Unilever’s Keith Weed: ‘Digital ads must be 100% viewable’

Anything less than 100% viewability of digital ads is not good enough, says Unilever’s chief marketing and communications officer Keith Weed.

Talking at the Financial Times Marketing Innovators Summit this morning (2 June) he said all too often brands are paying for ads that are being served rather than being seen, which is creating a “massive challenge” for marketers.

“As an industry it’s really something we’ve got to get our minds around. What does viewed mean? How much of an ad do [consumers] have to see before you pay for it? What percentage should we be paying for? I’m very clear, it should be 100%,” he stated.

Some commentators in the industry have suggested that 70% or 90% is adequate but Weed disagreed.

“Can you imagine your mum or dad going into store and buying 50 PG Tips only to get home and find there are only 45 inside because as an industry we’e agreed on 90% delivery?”

Keith Weed, Unilever CMO

“Can you imagine your mum or dad going into a store and buying 50 PG Tips only to get them home and find there are only 45 inside [because] as an industry we have agreed on 90% delivery? It’s absurd. It has to be 100% and we’ve got to find a way of [achieving that].”

A study by Nielsen has found that around 40% of digital ads are not seen by the intended audience, although Google suggests that last year it was nearer 56%, according to Weed, who also highlights that 29% of website traffic is generated by “bad bots” posing as human eyes.

“Viewability and measurement is a massive challenge for us as an industry [because] once the faith and belief in digital advertising is broken it’s going to take an awful lot to get it back,” he added.

Integration and technology

Integration and technology are the other big issues facing marketers today, according to Weed, who suggested that the level of collaboration now needed between brands and their agencies is significant. While it was once the creative agency’s role to connect TV with posters and print, it is now the marketer’s job to orchestrate an increasing number of specialists with one common goal, he said.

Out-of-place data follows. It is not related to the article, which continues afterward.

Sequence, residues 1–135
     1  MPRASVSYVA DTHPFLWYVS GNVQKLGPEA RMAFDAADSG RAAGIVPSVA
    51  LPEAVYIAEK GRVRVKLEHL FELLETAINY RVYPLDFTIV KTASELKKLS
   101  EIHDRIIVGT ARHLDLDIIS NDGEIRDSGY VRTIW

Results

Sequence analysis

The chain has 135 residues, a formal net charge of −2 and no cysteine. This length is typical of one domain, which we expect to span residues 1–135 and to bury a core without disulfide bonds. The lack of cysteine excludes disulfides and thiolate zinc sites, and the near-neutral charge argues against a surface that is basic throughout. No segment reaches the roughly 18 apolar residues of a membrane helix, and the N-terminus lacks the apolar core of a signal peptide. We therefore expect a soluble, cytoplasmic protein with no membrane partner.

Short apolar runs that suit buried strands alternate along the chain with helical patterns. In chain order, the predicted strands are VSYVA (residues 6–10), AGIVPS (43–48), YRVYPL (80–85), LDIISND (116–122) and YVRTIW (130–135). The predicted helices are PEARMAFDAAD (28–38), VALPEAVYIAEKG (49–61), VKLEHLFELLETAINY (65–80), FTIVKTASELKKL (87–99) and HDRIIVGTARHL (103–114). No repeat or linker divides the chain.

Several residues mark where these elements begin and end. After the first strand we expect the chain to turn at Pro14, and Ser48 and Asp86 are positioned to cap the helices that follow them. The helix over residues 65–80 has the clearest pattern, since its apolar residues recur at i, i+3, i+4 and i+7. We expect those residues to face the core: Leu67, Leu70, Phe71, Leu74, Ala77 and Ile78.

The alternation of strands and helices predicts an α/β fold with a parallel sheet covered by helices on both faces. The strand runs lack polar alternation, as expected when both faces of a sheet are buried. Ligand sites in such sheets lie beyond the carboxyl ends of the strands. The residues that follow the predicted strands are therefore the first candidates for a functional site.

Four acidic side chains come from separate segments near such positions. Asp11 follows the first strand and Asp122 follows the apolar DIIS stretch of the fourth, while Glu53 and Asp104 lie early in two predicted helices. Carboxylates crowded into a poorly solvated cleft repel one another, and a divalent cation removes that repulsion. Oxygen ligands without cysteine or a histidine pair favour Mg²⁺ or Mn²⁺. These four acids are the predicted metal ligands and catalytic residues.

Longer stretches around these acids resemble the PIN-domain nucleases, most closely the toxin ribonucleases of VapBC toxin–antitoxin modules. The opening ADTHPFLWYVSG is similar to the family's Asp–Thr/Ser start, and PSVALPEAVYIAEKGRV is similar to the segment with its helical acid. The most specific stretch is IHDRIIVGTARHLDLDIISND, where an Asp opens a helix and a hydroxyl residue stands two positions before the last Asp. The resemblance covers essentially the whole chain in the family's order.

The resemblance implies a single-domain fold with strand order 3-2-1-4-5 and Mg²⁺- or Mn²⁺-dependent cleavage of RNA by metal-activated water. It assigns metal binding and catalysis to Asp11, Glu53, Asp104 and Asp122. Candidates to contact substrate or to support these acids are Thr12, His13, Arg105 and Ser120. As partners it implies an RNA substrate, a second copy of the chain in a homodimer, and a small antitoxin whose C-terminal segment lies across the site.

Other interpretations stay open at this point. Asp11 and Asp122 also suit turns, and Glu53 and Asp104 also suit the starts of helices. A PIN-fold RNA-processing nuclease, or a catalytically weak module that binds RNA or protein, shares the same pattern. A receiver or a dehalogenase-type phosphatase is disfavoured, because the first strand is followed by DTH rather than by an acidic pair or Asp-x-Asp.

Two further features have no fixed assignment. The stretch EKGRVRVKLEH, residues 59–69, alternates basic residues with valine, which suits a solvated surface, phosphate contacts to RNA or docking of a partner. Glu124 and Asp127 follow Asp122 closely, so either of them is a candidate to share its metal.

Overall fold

“It’s a huge challenge and it is leading to tremendous fragmentation of our brands because each of these specialists wants to have the perfect solution,” he said. “So we’ve got to get back to thinking about what we can do for the brand rather than asking what can the brand do for us.”

And while technology has been a huge simplifier for people he believes it has added a lot of complexity for the industry.

“As marketers we all know we should focus on the consumer and that putting people first is the way to build great brands and businesses, but how often do you now find yourself caught in technology questions?” he asked.

While he said he is by no means bashing technology he advised marketers to remember that it is essentially just the pipe that takes ideas and concepts to consumers so they have got to find the right balance.

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Comments
  • Robin S 3 Jun 2015 at 5:52 am

    We’re working on it.

  • Robin S 3 Jun 2015 at 6:01 am

    As an advanced technology representative, I have to slow your roll when you say that technology is “just a pipe”. The smarter the technology, the more it can do. With smarter technology you can execute more creative ways of marketing. The tech today is still pretty dumb.

  • Bob Wootton 17 Aug 2016 at 2:30 pm

    More like 24-25 bags of P G Tips, Keith….

    But the only way the market will listen to you and your peers is if you vote with your wallets. Which you are nowhere doing – yet!?!

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